I wouldn't call Kingdom Hearts a deep action game – it's certainly nowhere near the level of an Assassin's Creed or a Devil May Cry – but it's still pretty big. Just the addition of an extra dimension, which must be constantly monitored during battle, can feel taxing when riding the bus. I've been picking up Dream Drop Distance
on and off for about a week now, but my sessions rarely last longer than 30 or 45 minutes. The fast pace of action, the smallish enemies and the dark levels just make my eyes hurt.
Admittedly, it's better now than it used to be. Kingdom Hearts 358/2 Days
for the Nintendo DS was an admirable technical effort, but its raw blend of blurry textures and clashing colors made it hard to look at. By comparison, Dream Drop Distance
is very easy on the eyes – smooth textures, impressive models (an appearance by Ursula five minutes into the game really takes the cake), and solid pyrotechnics bring it closer than ever to replicating the look and feel of the PlayStation 2 games.
Kingdom Hearts, however, is a partnership between Square Enix and Disney. One trademark of classic Disney animation is its grandeur – sweeping vistas, complicated action sequences and lavishly animated characters (Pinocchio's escape from Monstro is still one of my favorite action sequences ever). The first two games were far from perfect, but they did their part in capturing that elusive sense of grandeur that is so important in Disney films through the mid-90s. It's not a feeling that is easily replicated on handheld screens.
Then there's the fact that by keeping one of its most important franchises on handheld, Square Enix has boxed itself in. Dragon Quest worked in part because of its classic format and its unique take on multiplayer. Final Fantasy has a million different permutations, some of which work really well on handhelds (see: Final Fantasy Tactics
). With the exception of Chain of Memories
though, Kingdom Hearts has always been the same. Thus far, Square Enix has declined to take the series in new directions, and a complete reinvention seems out of the question until a Kingdom Hearts 3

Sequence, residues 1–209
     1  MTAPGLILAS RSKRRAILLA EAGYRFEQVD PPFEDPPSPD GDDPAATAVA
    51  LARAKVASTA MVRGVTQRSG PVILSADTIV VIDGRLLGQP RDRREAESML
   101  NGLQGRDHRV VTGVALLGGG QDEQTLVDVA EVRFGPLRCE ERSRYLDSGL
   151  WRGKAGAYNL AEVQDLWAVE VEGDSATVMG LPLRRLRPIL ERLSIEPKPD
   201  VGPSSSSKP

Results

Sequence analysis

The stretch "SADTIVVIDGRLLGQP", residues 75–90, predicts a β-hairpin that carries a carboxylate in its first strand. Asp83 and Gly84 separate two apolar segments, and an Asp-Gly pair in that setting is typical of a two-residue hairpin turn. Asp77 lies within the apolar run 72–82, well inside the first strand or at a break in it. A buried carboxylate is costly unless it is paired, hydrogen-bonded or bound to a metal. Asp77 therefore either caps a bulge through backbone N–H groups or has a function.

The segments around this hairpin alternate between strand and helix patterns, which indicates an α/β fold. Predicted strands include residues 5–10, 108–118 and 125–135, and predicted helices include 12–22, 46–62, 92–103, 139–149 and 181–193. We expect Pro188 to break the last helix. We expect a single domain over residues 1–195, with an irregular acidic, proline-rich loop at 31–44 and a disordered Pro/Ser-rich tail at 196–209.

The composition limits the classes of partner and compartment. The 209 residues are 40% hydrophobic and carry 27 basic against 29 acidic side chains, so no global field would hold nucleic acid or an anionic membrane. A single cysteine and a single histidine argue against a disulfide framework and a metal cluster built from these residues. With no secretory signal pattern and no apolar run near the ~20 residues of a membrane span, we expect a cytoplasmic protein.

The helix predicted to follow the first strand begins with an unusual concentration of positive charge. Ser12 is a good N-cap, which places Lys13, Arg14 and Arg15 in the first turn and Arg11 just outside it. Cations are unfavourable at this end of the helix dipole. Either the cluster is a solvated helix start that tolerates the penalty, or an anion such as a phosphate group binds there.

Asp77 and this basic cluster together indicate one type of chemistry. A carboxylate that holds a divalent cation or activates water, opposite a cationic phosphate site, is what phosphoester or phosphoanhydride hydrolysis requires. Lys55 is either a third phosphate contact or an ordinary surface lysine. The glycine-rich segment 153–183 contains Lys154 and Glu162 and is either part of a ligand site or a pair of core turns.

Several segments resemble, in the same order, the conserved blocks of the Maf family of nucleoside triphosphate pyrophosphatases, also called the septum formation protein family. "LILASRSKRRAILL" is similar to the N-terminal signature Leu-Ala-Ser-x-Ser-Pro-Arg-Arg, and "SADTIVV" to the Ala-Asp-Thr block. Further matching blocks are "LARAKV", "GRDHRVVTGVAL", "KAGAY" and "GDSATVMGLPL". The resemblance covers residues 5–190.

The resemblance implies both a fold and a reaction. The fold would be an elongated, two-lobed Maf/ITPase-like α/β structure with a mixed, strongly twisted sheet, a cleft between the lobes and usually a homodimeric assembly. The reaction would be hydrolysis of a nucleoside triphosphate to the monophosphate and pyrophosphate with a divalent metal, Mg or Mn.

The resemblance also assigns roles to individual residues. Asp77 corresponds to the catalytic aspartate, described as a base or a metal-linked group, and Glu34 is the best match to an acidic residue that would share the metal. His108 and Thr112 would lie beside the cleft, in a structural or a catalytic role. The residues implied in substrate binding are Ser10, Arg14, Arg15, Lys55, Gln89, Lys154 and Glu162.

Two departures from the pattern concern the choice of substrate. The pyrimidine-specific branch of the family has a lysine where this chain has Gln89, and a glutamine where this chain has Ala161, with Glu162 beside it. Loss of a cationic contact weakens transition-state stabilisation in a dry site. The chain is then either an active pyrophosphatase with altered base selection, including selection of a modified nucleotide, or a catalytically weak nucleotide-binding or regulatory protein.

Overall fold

is developed. And Square Enix is definitely not going to put a true Kingdom Hearts sequel on a handheld (Dragon Quest IX
, as I've already mentioned, is something of a unique case).
Much as I understand Square's predicament, I don't feel like they're doing what's become a flagship franchise any favors.
Unfortunately, the net effect is that Kingdom Hearts is now stale. After multiple spinoffs, most of the pertinent questions from Kingdom Hearts 2
have been answered, and there's not a lot for Sora and Riku to do. In some ways, Dream Drop Distance
is the equivalent of Dagobah from The Empire Strikes Back
: Sora is off training and learning to be a Keyblade Master. That's great and all. Let me know when they finally get around to kicking off that war they've been hinting at for ... what? Two or three games now?
I suspect that the delays have something to do with Square Enix's resources being stretched by Final Fantasy XIII
and Versus XIII –
projects that have taken up their attention for some six years now. Under better conditions, I'm sure Square Enix would love to put Kingdom Hearts 3
on the PS3, Xbox 360 or the Wii U. But much as I understand Square's predicament, I don't feel like they're doing what's become a flagship franchise any favors; where the announcement of a new Kingdom Hearts might have once generated intense excitement, it's only garnering yawns now. It being basically the same in form as its original 2002 incarnation, and on a less-than-optimal platform to boot, is only serving to accelerate the malaise.
At this point, I think it's time. A return to home consoles would be good not only for Square Enix and its fans, but RPGs as a whole. It would at least partially reinvigorate one of the genre's most popular franchises – one of the rare Japanese-developed RPGs that has retained some level of global popularity. The time has passed for handheld ports and spinoffs. If Kingdom Hearts can't start anew, at least let it return to the platforms that it's best suited. Then, at least, Square Enix can begin looking to the future.
Kat Bailey is a freelance writer based out of San Francisco, California. Her work has been featured on multiple outlets, including GamesRadar, Official Xbox Magazine, gamesTM, and GameSpot. You can follow her on Twitter at @the_katbot.